Now Lola Bourget, who co-founded Jodie's Jiggley Piggley Farm with her daughter in 2002, hopes Bubba's popularity translates into more interest in guinea pig adoption and more understanding of what it takes to take on a piggy pet.
The Piggley Farm, based in Pointe-Claire, takes in abandoned guinea pigs and helps place them in new homes.
Most of the animals come to them because families don't realize the type of care required for a guinea pig, or only realize after bringing their new pet home that someone in the household has an allergy.
Many people are heartbroken to give up their new family members, Bourget said, but there are some terrible stories of abandonment as well.
"We had three just before Christmas where they were left in those donation bins for clothes," Bourget said.
"An example of a bad case is Nomad — he came in last summer in really bad condition after being found in a backyard... People from all over the world sent money for his vet bills. He was bald, had a skin condition, had lacerations on his body. Now he's a giant furball. He's up for adoption right now."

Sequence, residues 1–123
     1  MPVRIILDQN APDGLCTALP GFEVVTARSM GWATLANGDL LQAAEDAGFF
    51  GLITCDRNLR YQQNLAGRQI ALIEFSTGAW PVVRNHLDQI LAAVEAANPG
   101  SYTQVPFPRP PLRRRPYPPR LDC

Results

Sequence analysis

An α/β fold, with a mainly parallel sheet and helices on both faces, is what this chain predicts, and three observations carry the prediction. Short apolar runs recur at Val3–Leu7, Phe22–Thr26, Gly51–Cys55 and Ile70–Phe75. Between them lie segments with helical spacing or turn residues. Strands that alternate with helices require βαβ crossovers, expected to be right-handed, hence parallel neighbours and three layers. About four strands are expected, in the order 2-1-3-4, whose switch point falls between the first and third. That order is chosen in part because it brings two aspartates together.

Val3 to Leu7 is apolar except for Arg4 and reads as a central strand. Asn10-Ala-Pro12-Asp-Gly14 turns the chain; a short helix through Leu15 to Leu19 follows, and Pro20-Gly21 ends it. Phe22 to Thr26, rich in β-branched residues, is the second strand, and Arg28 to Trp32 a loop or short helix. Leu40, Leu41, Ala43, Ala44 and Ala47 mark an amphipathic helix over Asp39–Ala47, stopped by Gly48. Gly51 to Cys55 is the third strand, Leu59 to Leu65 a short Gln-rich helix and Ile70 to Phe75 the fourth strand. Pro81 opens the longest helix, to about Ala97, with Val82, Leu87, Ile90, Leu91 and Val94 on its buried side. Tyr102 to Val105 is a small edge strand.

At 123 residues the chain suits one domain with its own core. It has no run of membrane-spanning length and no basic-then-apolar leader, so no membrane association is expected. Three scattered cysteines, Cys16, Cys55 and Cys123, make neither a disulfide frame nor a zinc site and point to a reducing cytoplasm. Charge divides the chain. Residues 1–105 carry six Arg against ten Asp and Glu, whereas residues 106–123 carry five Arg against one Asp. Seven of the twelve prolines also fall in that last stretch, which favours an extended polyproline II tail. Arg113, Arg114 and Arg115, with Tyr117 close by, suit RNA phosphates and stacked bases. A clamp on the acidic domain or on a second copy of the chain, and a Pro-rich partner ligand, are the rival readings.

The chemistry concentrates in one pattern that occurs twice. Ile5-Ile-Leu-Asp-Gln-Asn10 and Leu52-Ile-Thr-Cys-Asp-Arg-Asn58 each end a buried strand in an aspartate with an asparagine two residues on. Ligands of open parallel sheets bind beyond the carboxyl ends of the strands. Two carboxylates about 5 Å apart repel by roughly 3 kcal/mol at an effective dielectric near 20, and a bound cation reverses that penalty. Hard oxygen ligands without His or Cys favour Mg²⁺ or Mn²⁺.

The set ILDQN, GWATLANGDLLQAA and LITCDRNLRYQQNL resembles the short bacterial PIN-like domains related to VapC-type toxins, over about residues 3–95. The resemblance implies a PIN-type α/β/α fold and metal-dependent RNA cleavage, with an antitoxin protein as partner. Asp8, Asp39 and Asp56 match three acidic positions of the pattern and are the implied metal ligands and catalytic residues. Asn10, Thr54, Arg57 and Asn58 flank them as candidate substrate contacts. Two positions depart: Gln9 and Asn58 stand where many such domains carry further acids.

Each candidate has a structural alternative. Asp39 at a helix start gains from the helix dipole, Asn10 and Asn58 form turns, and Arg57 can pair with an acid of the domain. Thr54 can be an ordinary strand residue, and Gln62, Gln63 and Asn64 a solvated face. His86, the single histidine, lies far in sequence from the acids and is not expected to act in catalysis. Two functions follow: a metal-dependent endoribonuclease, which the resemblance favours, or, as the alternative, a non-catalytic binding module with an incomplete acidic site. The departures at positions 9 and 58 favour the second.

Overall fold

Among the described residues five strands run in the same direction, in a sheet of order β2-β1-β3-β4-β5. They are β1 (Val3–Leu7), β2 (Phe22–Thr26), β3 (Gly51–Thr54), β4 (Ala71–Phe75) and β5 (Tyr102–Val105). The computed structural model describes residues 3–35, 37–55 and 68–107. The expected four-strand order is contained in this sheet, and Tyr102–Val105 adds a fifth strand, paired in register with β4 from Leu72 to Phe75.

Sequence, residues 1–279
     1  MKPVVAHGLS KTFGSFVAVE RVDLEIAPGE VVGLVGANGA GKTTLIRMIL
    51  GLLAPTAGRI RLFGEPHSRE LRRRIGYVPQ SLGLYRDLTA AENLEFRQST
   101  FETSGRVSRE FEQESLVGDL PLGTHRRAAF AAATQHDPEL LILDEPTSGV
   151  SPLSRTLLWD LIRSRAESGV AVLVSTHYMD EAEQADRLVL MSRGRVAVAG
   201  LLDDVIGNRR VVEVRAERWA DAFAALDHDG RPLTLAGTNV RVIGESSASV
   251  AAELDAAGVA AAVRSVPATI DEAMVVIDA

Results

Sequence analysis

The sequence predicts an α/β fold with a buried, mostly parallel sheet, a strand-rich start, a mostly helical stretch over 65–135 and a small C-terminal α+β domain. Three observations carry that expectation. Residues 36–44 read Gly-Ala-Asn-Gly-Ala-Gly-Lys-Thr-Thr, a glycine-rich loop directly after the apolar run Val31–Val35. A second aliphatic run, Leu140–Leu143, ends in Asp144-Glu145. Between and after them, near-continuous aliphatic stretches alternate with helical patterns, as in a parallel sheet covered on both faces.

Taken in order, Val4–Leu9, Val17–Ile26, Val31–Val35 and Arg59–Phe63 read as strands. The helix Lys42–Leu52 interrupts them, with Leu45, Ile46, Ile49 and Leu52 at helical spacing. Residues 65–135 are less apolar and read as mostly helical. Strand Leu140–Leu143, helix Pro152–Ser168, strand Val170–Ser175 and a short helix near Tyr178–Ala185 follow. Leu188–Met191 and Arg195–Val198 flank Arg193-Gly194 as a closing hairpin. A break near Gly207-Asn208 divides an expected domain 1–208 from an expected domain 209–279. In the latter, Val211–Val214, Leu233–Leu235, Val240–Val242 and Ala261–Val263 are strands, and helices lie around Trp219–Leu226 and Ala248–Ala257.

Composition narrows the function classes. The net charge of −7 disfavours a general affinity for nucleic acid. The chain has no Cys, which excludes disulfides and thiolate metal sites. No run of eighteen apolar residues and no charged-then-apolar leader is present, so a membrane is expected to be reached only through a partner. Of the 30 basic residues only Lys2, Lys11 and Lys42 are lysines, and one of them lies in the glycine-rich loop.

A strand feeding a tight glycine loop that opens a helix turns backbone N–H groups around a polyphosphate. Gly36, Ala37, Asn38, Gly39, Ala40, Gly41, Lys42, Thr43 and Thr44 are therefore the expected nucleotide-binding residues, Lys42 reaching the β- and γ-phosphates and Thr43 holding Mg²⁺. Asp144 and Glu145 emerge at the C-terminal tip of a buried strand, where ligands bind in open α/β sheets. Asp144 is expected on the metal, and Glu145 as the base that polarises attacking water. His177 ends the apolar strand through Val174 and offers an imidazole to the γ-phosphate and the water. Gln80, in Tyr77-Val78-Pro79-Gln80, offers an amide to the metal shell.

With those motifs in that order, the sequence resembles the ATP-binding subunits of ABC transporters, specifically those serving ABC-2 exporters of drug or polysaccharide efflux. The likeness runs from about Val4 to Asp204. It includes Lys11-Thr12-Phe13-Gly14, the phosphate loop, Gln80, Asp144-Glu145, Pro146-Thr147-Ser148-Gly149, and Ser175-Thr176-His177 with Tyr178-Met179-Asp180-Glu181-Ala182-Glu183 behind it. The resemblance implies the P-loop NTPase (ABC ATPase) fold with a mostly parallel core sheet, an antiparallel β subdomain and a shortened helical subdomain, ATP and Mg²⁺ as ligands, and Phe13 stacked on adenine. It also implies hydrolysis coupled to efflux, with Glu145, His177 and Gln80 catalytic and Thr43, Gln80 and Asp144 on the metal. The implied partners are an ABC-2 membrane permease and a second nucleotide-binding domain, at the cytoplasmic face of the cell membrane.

The Jiggley Piggley Farm also works to educate people about guinea pig ownership, an outreach campaign that has found a following on social media.
Bubba belongs to Bourget and acts as an ambassador for the farm, attending events around the community to bring more attention to the cause. His community visits have become the basis for his online portrait portfolio.
"He's the best. He's more like a dog. He rides in a carrier, or else I'm holding him," she said.
"He's gone viral a few times and he's getting quite well known."Suggest a correction